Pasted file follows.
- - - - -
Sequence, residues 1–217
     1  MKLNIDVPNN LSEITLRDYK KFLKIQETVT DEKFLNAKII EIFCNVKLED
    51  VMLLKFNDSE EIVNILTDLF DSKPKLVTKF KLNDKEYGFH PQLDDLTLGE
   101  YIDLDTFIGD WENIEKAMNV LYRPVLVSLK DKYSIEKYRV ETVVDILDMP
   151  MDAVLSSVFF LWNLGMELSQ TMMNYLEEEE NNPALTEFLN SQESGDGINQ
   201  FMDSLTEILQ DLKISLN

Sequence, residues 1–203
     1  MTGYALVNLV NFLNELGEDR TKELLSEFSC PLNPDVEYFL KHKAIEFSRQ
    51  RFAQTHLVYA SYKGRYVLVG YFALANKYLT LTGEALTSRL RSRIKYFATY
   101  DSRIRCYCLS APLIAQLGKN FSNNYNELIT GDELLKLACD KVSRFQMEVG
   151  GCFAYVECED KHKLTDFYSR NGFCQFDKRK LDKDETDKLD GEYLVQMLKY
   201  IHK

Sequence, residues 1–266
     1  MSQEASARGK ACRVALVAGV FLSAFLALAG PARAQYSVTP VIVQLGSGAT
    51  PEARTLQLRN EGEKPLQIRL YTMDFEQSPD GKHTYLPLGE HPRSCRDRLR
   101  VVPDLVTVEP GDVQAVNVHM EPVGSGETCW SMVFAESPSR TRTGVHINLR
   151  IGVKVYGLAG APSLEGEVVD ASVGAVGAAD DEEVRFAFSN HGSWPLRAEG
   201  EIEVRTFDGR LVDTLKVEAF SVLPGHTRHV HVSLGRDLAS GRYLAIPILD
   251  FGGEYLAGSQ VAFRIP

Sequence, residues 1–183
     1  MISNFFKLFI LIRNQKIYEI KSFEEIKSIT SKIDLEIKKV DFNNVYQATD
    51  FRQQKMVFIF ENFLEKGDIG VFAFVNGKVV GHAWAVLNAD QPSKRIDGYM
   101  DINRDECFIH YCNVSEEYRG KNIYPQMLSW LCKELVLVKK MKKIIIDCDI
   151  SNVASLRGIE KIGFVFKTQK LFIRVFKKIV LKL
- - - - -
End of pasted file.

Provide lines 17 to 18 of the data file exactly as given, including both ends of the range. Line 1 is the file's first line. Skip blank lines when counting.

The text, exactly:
   151  IGVKVYGLAG APSLEGEVVD ASVGAVGAAD DEEVRFAFSN HGSWPLRAEG
   201  EIEVRTFDGR LVDTLKVEAF SVLPGHTRHV HVSLGRDLAS GRYLAIPILD